“They hired me to sell dolls, baby dolls. Two or three of us worked there and one day the door opened and this lady walked in and I made a wish, I wished to work for her. Why? Because she looked like such a good Christian lady. I didn’t say a word to nobody. I was making that wish when she walked up to me and said, I come to see dolls for my two girls. I searched around and found a doll that she liked. Then the oldest little girl got strayed off in the store and she was crying because she didn't know how to get to her mother. I took her up and her mother said, Have you been working here long? and I said no. She said, If you ever decide to stop working here, call this number, and she handed me a card with her phone number. I felt like I had my job right then. When New Year’s was over I found that lady’s phone number and I went right to the phone and called her and made her know who was calling. She said, Can you come out? You know I was going to say yes. When I got there she was waiting for me and we went up to the third floor and she told me everything she wanted me to do. She said, Don’t try to do everything in one day. Arrange this work the way you want to do it, just as long as you get it done. Downstairs in the kitchen she said, Go into the icebox, get yourself a glass of milk, get yourself bread and butter, cookie, apple, or orange. Just anything you see around that you want to eat, sit down ten or fifteen minutes and eat that. Nobody should work eight hours without taking a little rest between time. Well, when she said that to me, I fell in love with her, sure enough. Nobody had ever said that to me. My mother had never said. Babe, sit down, ain’t you tired. When she said that to me it made me love her.” Elizabeth Cotten worked every Saturday for the Seeger family: Ruth Crawford Seeger, composer; Charles Seeger, ethnomusicologist and father of Pete Seeger; and their children, Mike, Peggy, who is the folksinger married to folksinger Ewan MacColi, Barbara, and Penelope, a homestyle musician. (“I got my other name when I was working in the Seeger family. The two-year-old couldn’t say my name, Elizabeth. She said, ‘I can’t say that word. I’m gonna call you Libba.' "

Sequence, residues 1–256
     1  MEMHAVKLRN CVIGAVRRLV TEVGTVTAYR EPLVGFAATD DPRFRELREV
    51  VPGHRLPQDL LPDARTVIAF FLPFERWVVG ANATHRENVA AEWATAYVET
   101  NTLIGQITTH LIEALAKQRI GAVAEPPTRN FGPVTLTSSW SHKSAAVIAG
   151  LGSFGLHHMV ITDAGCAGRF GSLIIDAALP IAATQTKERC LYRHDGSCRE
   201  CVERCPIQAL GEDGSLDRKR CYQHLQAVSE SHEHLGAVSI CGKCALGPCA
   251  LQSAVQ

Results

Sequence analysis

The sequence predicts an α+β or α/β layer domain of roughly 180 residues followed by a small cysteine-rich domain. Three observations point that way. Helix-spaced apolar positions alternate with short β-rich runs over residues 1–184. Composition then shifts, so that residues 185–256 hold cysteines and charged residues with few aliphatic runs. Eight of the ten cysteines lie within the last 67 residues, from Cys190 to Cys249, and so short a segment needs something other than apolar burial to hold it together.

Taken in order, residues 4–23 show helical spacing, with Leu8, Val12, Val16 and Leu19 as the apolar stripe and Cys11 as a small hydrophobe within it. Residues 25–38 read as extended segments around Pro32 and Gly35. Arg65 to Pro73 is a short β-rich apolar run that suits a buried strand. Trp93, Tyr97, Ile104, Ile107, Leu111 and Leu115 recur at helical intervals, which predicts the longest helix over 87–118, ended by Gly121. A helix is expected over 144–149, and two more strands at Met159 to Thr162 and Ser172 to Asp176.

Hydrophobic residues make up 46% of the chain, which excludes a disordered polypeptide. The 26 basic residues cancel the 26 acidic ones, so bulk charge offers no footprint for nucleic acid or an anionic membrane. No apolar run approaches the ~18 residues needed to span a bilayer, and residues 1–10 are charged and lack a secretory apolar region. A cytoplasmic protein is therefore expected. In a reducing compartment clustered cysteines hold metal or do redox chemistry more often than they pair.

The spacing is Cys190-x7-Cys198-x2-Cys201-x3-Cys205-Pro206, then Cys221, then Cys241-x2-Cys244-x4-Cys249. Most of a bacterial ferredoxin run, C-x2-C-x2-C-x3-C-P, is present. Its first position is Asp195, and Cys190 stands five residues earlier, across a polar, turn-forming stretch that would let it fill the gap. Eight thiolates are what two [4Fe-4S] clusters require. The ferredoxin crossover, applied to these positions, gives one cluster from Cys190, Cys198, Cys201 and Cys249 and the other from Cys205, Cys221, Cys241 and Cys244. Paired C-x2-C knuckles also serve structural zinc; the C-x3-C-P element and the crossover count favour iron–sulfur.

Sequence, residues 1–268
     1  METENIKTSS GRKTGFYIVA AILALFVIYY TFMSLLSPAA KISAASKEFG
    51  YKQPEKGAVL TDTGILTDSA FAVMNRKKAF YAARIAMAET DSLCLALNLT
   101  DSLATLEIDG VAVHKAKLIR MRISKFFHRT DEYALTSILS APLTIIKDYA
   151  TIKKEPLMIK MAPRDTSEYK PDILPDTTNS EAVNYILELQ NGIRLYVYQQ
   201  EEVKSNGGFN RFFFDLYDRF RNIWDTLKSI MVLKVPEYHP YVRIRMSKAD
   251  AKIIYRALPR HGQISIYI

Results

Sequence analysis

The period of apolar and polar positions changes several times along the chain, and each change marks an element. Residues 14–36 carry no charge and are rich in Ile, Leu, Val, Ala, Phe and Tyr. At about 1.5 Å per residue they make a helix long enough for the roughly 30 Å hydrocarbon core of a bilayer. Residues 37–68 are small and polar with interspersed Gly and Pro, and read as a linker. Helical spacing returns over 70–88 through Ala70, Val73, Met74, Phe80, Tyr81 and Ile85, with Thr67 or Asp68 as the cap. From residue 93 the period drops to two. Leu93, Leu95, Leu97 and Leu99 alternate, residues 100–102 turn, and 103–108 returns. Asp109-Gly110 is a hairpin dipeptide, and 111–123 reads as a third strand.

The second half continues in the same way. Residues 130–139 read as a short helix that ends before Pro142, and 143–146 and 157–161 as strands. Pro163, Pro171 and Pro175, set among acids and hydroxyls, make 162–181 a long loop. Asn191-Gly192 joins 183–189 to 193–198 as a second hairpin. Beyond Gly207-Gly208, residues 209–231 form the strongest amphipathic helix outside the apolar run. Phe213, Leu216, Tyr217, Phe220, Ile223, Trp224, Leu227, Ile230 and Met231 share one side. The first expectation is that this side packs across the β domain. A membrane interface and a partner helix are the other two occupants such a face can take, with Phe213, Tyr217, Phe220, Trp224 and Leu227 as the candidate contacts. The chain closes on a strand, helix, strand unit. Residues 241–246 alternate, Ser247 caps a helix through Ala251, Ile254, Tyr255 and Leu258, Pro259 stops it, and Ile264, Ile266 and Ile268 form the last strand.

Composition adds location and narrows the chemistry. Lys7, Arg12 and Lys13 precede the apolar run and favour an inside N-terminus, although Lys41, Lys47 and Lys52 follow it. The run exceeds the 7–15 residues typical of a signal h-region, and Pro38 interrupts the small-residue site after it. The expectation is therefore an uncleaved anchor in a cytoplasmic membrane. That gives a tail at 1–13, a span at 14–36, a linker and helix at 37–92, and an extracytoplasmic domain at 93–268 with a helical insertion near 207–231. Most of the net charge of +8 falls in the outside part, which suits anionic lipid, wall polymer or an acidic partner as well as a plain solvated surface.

It was about five years later that they discovered she could play music. As Mike recalls, she told them she had almost forgotten how to play. Having all those instruments around reminded her and she just took them down and started to play. Mike Seeger started recording her almost immediately thereafter, and in 1957 recorded her for Folkways. “We recorded her whole album with her on the second floor of her house, with her grandchildren and great-grandchildren all hanging around while we were recording late at night. It was very homey. That got the idea around, the idea that she could play. At that time there was no possibility of playing concerts; people just didn’t do that. A couple of years later, largely as a result of that record, we had a possibility of putting a concert on together and so we did.” That first concert was at Swarthmore College in Pennsylvania, a small, liberal arts school that in the Forties and Fifties sponsored folk festivals and, in the mid-Sixties, turned to folk rock and hard rock. “Then she did all the folk festivals in the mid-Sixties: UCLA, Newport, Chicago in ’61 or ’62.’’